Change the Default Screen Shot File Name in Mac OS X

Feb 16, 2012 - 18 Comments

Change Screen Shot File Name in Mac OS X

Screen shots taken in Mac OS X save to files prefixed with “Screen Shot” in the file name, but the names of screenshots can be changed to anything else. We’ll use a defaults write command to adjust the naming convention of screen shots taken on the Mac. This can be helpful for many purposes, and it’s easy to do and undo back to default if need be.

How to Change File Name of Screen Shots on Mac

This will allow you to choose a new different name for default screen shots created on a Mac, from “Screen Shot (date)” to “Custom Name (date)”, or whatever you’d like to use:

  1. Launch the Terminal (found in /Applications/Utilities) and type the following command, replacing “OSXDaily” with the file name you wish to use for your screen shot names
  2. defaults write name "OSXDaily"

  3. Now restart SystemUIServer by killing it from the command line:
  4. killall SystemUIServer

  5. Take a screen shot to confirm the file name has been changed from default to the custom name

Only new screen shots will be effected by this change, existing screenshot file names will remain the same.

Once the change has taken effect, all new screenshots will adopt the new name, and additional captures will be sequenced just as before so they don’t overwrite one another. For example. “Screen Shot”, “Screen Shot (2)”, “Screen Shot (3)”, etc, of course conforming to the naming convention you chose.

This will not adjust the suffix of the file, which is dependent on the image format of the screenshot itself. The default is PNG, but users can change the file format of screen shots in Mac OS X to JPEG, TIFF, PNG, or GIF if desired.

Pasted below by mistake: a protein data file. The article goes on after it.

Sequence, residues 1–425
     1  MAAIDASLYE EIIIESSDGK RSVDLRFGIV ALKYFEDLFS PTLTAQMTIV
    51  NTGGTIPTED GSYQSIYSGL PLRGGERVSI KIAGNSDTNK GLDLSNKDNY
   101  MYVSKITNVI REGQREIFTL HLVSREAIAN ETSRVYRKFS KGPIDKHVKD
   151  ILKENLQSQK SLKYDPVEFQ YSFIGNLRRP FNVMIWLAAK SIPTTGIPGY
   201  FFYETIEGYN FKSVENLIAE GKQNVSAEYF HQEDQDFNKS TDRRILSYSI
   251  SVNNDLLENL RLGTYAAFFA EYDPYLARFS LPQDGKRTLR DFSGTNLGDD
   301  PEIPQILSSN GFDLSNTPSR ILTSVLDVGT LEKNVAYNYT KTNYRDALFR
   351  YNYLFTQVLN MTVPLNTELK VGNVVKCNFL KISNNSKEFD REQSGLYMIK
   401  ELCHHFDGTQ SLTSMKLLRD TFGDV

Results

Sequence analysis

Return to Default Screen Shot File Names in Mac OS X

If you want to restore to the default naming convention of screen shot files created in Mac OS X, use the instructions below:

  • Open the Terminal in Mac OS X if you haven’t done so already, then type the following command
  • defaults write name "Screen Shot"

  • Again restart SystemUIServer by killing it
  • killall SystemUIServer

  • Confirm the file names have returned to the default by printing a screen shot to the Mac OS X desktop with Command+Shift+3

Other than changing file names, you can also change where screen shots save to on the Mac, which can help to organize things a bit, and users can also change file type to a format other than the PNG default as well.

This changes the screen shot file names that are created automatically, of course you can rename the screen shots after the fact at any time if you want.

And yes, this method works to change screenshot file names in all versions of Mac OS X system software, from El Capitan, Yosemite, Mountain Lion, Mavericks, and Snow Leopard, and beyond.

Thanks to MacTrast for the tip.


Related articles:

Posted by: William Pearson in Mac OS, Tips & Tricks


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  1. Jack says:

    how do you change back the screen recording default name back to normal because renaming the screenshot default name back to “screen shot” has made it so that the screen recording name is also “screen shot”

  2. Anna says:


    defaults write name “$(date +%Y-%m-%d) $(date +%H-%M-%S)”

    sets the filename to a fixed string that is the CURRENT date/time. It does NOT set the filename format to be the date/time of the time when the screenshot is taken!!